“You’re in dark navy again today. Why do you choose to wear such a colour when I’m sure you’d look good in any other too?” I couldn’t help but stiffen at his question. It was meant to be small talk with ‘his’ client but those were his eyes.

“I like this colour. It’s quite convenient,” I replied. Amuro smiled understandingly and changed the topic smoothly. He was attentive, as a private detective should be to his client, but I knew all the while ‘Bourbon’ was sweeping the floor for the signs of Gin and Vodka. They arrived not too long after coffee was served, and the Russians a few minutes later as if they had been waiting for them all along.

The situation changed abruptly. I had been keeping my eye on the exchange as much as I could without being conspicuous. One second the two Russians were sitting down and drinking their coffee. The next, they were on their feet and shooting at Gin and Vodka. The entire floor exploded in panic seconds after the gunshots were fired when people realised what they were. Amuro stood up and moved to lead me out of the area. The game was up, and it was time for the police to make their move. Had I had more time to think, it probably wasn’t the safest decision to move while the men in black were firing, but it was certainly the most efficient to get the police involved if a ‘civilian’ escaped fast enough. But they noticed us as we moved. Or maybe they had noticed even before that. One of the men pointed his gun at us, aimed at Amuro. My body moved faster than my brain could process the situation. I had pushed Amuro-, no, it was Furuya that I had pushed out of the way. I felt something wet slowly seep from the left side of my body. I quickly pushed a hand under my jacket and applied pressure to it.

An irritated click of the tongue sounded out by my ear and I was ushered out under the cover of tables and chairs through the gunfire. I stopped him at a deserted corner not too far outside the lounge.

“Go, Sir. ‘Bourbon’ has a job to do.”

“But that bullet just-”

“I’m fine. It’s nothing serious. Just a scratch. I’ll meet up with Kazami. He’s not too far from here,” I replied steadily, keeping my voices as stable and strong as possible. He stared at me to determine if I was really fine and I stared right back.

“Meet up with Kazami as soon as possible and get that ‘scratch’ treated,” he ordered, turned on his heel and ran back towards the lounge. I smiled bitterly at his figure that cared so much about his subordinates but not a single bit about his own self.

My phone had been destroyed in the chaos inside so I had no immediate means to contact anyone. Keeping the pressure on my wound, I walked as quickly as a could to where the team was on stand-by but every step felt like lead. I wasn’t sure how long I walked for but the sunlight told me I was at least near a window or exit. I leaned against the wall, hoping to recover some strength before meeting my colleagues outside but perhaps that was a mistake. My legs gave out under me. The impact against the ground probably tore open my wound even more but I could barely feel anything anymore. Everything seemed to be covered in a haze and my eyelids felt heavy. I shook my head but it didn’t get rid of the haze. The sounds of panic and gunfire still echoed in the background. I squeezed my eyes shut hoping the headache the noise was causing would disappear.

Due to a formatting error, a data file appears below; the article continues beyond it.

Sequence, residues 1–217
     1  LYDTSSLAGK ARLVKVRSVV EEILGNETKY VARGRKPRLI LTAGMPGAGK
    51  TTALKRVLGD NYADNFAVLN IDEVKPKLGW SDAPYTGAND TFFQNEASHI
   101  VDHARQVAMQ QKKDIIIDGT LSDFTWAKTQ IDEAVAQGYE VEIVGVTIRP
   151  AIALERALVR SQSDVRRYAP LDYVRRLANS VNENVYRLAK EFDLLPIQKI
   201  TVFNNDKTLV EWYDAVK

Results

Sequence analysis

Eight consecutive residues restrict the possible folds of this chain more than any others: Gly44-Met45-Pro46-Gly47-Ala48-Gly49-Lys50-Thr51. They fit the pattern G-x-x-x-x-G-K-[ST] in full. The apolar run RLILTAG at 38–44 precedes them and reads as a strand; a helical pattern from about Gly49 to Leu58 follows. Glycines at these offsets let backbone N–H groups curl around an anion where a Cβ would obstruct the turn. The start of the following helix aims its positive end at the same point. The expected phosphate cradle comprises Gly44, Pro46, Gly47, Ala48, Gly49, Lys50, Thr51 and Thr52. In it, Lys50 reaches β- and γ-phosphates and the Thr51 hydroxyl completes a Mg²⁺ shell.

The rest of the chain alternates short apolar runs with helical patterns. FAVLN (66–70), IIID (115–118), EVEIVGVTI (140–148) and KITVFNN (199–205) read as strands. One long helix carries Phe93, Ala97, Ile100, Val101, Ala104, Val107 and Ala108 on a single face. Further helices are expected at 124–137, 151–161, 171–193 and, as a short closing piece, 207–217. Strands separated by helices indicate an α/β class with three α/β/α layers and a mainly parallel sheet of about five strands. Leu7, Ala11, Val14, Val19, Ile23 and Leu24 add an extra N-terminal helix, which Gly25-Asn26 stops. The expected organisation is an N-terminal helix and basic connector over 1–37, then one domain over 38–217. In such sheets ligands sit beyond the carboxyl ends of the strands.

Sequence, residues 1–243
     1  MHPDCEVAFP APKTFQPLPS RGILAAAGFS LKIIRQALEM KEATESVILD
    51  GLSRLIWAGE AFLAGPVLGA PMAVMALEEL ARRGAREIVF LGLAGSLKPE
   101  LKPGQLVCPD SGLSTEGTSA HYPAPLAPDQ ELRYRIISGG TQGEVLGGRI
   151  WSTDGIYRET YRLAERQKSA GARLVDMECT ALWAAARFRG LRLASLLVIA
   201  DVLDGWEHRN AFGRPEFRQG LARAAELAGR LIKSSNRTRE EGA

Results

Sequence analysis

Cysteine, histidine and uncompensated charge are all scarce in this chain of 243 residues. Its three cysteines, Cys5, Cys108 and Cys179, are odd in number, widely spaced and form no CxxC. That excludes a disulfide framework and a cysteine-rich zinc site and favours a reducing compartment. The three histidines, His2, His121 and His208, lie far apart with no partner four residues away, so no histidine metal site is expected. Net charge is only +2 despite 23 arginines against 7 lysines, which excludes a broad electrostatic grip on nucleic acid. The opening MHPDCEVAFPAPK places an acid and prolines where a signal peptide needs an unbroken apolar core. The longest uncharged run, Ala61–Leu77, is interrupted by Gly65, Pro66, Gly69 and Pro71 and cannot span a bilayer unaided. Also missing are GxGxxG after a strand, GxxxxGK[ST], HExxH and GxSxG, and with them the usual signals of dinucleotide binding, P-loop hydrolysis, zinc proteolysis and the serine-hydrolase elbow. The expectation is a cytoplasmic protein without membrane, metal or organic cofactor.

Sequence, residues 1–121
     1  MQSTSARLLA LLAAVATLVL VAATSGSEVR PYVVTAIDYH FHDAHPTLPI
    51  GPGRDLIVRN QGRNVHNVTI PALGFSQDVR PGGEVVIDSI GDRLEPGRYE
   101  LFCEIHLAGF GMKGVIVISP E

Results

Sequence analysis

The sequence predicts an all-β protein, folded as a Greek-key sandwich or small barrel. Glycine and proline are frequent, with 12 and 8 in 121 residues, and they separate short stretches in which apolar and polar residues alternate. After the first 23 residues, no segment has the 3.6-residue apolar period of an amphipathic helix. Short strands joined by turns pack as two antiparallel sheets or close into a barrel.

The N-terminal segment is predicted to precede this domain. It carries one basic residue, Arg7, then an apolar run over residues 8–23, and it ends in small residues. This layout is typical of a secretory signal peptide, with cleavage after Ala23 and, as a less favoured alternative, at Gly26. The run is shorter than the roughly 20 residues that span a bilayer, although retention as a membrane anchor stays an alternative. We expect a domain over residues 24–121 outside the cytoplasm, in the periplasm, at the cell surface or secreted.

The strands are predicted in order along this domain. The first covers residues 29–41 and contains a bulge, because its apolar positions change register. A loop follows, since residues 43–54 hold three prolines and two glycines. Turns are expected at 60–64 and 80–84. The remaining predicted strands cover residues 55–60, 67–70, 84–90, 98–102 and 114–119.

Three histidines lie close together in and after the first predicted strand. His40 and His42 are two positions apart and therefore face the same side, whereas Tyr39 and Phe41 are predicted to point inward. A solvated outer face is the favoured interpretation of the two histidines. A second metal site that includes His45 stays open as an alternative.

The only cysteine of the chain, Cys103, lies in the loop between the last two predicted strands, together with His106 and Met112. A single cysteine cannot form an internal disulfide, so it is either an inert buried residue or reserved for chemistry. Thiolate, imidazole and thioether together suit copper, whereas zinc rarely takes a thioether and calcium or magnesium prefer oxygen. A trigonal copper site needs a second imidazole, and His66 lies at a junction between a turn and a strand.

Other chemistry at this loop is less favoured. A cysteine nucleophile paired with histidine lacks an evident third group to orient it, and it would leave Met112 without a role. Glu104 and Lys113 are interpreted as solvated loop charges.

The next time I opened my eyes, the noise was gone and my vision was slightly clearer but the dull headache had only worsened. I took a few deep breaths, and just as I was about to stand up I heard someone call my name. It was Kazami. They didn’t need me to contact them after all, not with the all the commotion caused.

“There you are! Are you alright?!” It was quite amusing seeing Kazami so panicked about someone other than Furuya. “Don’t just laugh. Please say something,” he didn’t find it as amusing as I did, it seemed.

“Just a gunshot wound,” I chuckled. I must have been gone crazy to laugh in this situation.

“Where did you get shot-,” the sharp inhale of air told me he found it. He frowned deeply before calling a paramedic over the intercom as he kept a close eye on me.

The paramedics arrived quickly and checked my injuries as carefully as possible. A few of them were instructed to prepare a blood transfusion but the main paramedic sighed and shook her head at Kazami when he looked at her. By this moment, I had a good idea of what was going on.

“Hey, Kazami?”


“I’m feeling tired.”

“You can hang on. You always do.”

“But I’m tired of chasing. Can I take a rest?”

“…Of course. We’ll take it from here. Thank you for your efforts up until now.”

My vision blurred once again, my body felt heavier than ever before and for the first time since the attack, I felt pain on the left side of my torso.

“Tell him to live for himself, okay?” The grip on my shoulders tightened, whether in consent or not I didn’t know, because the world shut down for me.

The only way he could live was if he forgot he could die. But he should never forget.

“Welcome back, Sir.” Furuya nodded his head in response and swept his gaze across the room searching for the subordinate who had said would meet up with Kazami. He assumed she was being treated at the police hospital since she wasn’t anywhere to be found.

“Kazami, how are her injuries?”

“She…was promoted a rank, Sir.” The entire atmosphere in the department office changed. Some officers dropped their gaze to the floor, others frowned and pursed their lips, all waiting for their boss’s reaction. Furuya’s usually clear, blue eyes showed rare confusion as he stared intently at Kazami, waiting for him to continue with an explanation. “For dying in the line of duty.”

The confusion in Furuya’s eyes deepened. While her injuries certainly were not just ‘scratches’ like she had told him, they shouldn’t have been fatal.

“We found her not too long after the gunfire stopped. We couldn’t see the blood from the wound through her clothes. By the time we did, she’d lost too much blood, internally.”

Furuya continued to stare at Kazami. Suddenly, he turned on his heel started to walk towards the door.

“Sir!” Kazami’s shout made him pause but he didn’t turn around. “I have a message from her. ‘Live for yourself’.”

Furuya walked out of the office without as single word. His subordinates left in the room looked at each other then the door. It was probably best to leave their boss alone for now.

Furuya easily got access to the morgue. The staff lead him to one of the beds before leaving him alone. Slowly, he drew back the cloth over the face.

“A truly convenient colour,” Furuya spat, his voice heavy with ridicule. Towards himself or her, no one knew.

“Who allowed you to go ahead of me? You should have just kept following me from behind and let me walk ahead of you. Who else am I supposed to leave my back to now?”

“…You tell me to live, but who are you to say that?” The cloth crumpled in his hand.

Why do you look so peaceful?